Monday, February 18, 2008

One Second...

This year, as I often do, I managed to watch the last 5 minutes of the Super Bowl. The fact that it's taken this long for me to write anything about it is evidence of how important the game is to me. But there's one particular scene from this year's game that really stuck in my head. It's about the closest I ever hope to come to using a sports metaphor for organizations.

Right at the end, NY scored the winning points. Everyone (including me!) knew NY had won and the game was over. People streamed onto the field, the New England coach left (I think), and someone dumped gatorade on someone else. Let the celebration/mourning begin. Whee/Sob (depending on your preference).

But wait!

A ref decided there was really one second left on the clock! The game wasn't over! Of course, you can't do anything in 1 second. Nothing about that second could affect the outcome of the game at all - not even theoretically. Not even if NY just handed the ball over to the fastest guy in New England. But the field had to be cleared. The players had to be brought back out. And in a magnificent example of meaningless ritual and valuing Process over Results, the QB said Hike, received the ball, and the clock ran out.

*Now* the game was really over. Whew, good thing they played that last second, don't you think?

And it hit me, we do the same thing in our organizations, when we value process over results, when rules become more important than they are useful. We clear the field, bring the players back and go through the motions of "required" activities, even though nothing can change the outcome - not even theoretically. And then we congratulate ourselves on our "due diligence." Sheesh!

Of course, it's a lot easier to excuse a football team for doing something pointless...


Rocky said...

Good point on how we tend to value process over outcome. We tend to get to married to process in business. I like the analogy.

Mark said...

As much as it pains me to relive those last few minutes, I gotta agree with you on the meaningless-ness of that final second.

As you pointed out, even the Pats' coach Bill Belechick conceded the loss and left the field before the game was "over". If you follow the Patriots at all, you'll know that old Bill is not much for meaningless ritual or show - he's very results-oriented.

Still, I feel compelled to add a little asterix to your post (no, it has nothing to do with Spygate or Sterioids). I know this wasn't your message, but just in case a casual reader misunderstands: Process isn't bad.

Reliance on process solely for the sake of process, especially when it flies in the face of achieving results, yep, that's bad. But a well defined process which meets customers/users needs can be a good thing.

In the football analogy, the use of a game clock and official timekeeping is a process, and generally it is a good thing. It is a vital part of the game, and most good coaches use "clock management" as a key part of their strategy. But sheesh, play the last second? Maybe if it was a basketball game and the team that was down one point was inbounding the ball from the sideline in their offensive zone, then it might make sense. (Sorry to get off on more sports stuff.)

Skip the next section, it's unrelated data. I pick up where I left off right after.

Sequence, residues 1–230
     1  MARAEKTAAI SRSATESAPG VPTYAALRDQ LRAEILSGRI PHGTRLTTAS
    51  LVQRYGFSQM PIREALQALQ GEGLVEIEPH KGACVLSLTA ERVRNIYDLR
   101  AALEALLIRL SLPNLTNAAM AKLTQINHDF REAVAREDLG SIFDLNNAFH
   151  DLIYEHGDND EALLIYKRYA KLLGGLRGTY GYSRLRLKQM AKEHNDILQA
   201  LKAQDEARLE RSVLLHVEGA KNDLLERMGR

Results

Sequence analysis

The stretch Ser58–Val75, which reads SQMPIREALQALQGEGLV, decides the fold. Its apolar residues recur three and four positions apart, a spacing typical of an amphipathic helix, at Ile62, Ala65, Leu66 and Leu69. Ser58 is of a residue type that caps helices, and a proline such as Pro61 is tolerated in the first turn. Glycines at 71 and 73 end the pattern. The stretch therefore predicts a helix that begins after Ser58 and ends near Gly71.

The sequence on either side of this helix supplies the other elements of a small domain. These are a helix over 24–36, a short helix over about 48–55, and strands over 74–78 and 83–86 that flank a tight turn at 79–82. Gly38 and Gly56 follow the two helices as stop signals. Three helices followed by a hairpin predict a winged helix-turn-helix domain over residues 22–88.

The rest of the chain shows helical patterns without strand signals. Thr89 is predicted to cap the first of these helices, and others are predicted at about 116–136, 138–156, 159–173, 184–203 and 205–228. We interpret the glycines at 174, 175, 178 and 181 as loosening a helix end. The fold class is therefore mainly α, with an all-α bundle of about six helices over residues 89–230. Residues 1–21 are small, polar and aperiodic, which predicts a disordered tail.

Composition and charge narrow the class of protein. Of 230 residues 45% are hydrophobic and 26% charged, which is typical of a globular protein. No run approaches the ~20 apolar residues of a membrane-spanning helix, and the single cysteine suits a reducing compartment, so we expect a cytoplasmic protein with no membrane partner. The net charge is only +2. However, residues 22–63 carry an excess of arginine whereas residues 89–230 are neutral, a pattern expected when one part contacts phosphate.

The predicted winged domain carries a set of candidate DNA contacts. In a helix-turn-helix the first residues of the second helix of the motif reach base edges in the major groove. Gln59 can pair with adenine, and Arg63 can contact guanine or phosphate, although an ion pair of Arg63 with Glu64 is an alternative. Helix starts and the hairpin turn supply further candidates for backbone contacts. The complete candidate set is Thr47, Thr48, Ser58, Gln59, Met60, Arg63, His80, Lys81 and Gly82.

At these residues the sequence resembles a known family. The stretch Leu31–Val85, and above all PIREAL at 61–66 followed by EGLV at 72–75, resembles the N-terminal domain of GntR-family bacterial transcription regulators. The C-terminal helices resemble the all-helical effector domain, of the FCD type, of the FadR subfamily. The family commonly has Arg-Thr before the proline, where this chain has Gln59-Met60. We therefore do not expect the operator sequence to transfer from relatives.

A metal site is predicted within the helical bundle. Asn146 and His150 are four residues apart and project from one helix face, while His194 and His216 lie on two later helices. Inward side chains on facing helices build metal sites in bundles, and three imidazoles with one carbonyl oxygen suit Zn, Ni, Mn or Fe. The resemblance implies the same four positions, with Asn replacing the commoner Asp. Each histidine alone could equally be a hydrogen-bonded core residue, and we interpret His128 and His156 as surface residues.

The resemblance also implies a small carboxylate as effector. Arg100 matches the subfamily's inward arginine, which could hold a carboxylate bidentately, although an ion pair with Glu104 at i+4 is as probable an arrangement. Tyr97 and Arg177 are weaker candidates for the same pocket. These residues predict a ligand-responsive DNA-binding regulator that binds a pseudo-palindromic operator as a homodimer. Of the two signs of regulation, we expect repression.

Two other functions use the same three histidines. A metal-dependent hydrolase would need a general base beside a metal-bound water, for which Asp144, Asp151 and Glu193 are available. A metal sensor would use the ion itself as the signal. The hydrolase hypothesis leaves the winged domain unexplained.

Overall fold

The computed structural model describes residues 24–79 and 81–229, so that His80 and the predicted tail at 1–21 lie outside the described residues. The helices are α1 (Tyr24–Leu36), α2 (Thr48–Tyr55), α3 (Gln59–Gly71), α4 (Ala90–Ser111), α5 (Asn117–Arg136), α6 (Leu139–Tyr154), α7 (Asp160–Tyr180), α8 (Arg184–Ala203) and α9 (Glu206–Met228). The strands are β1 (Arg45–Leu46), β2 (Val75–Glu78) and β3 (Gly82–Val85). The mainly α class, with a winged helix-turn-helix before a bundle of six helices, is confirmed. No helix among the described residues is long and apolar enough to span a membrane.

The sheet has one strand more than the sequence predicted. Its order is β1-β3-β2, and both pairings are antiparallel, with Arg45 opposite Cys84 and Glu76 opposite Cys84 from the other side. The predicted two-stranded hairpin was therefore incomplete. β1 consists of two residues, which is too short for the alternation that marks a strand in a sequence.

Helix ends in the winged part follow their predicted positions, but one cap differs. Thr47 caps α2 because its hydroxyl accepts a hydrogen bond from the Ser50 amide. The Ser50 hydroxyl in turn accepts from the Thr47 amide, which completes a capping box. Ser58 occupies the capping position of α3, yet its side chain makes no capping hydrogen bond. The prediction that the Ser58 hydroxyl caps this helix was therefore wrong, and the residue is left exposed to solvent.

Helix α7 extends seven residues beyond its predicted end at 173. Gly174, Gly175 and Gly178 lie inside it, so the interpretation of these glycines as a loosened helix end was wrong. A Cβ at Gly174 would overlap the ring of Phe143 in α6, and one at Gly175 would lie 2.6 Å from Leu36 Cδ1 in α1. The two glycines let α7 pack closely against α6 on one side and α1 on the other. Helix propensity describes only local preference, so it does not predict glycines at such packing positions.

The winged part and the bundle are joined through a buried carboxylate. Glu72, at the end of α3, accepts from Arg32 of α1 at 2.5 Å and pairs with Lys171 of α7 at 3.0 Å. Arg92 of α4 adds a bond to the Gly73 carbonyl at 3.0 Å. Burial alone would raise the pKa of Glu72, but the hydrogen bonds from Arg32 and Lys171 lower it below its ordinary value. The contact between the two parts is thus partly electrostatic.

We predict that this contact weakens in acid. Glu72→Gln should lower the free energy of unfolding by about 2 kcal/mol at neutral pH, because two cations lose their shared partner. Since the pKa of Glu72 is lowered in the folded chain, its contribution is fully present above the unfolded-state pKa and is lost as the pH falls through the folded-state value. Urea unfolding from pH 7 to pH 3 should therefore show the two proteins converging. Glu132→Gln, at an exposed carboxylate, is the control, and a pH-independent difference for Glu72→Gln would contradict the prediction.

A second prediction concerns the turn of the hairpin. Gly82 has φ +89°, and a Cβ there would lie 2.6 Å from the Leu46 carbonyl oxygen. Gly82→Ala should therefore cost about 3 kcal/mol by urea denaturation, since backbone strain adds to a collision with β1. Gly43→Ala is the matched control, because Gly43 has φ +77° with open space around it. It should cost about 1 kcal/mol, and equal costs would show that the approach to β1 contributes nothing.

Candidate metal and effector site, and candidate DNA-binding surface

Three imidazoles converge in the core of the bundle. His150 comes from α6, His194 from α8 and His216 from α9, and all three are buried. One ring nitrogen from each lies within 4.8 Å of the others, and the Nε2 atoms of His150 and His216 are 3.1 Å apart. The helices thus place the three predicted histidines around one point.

One of my favorite quotes is "all models are wrong, but some are useful." (statistician George Box) I offer a corollary: "all processes are flawed, some are useful." In this case, the flaw in the football clock process was that there was no mechanism to deal with the situation other than to make that final play. As a Process Improvement Consultant, I hereby offer my expert advice to the NFL (for a modest $50K fee): modify the rulebook to allow the official, with the consent of both coaches, to conclude the game at any time. I'll be waiting for my check...

The Dan Ward said...

Good point Mark - for all the arrows I sling at process, they really are essential and important. What I'm trying to combat is **PROCESS**, the grand & exalted, received from on-high, non-negotiable and inflexible antipode to common sense (and it's funny how quickly process becomes **PROCESS**).

It would be cool if the NFL would modify their rule book - but probably better if they just looked around and said "Hey, the game is over and even Dan Ward knows it... don't worry about that last second."

BTW, I love the "all models are wrong, some are useful" quote - we use that here at AFIT a lot. It definitely applies to processes, which ultimately are (supposed to be) models of cause & effect, right?

Mark said...

While it would have been cool for the the timekeeper to have just "accidentally" waited an extra second before pushing that button, I still think they should change the rule book per my recommendation - but only so I can collect my exorbitant consulting fee. :)

And wow, I love the definition of process as "a model of cause and effect".

Gabe said...

Excellent Point! I like this metaphor a lot.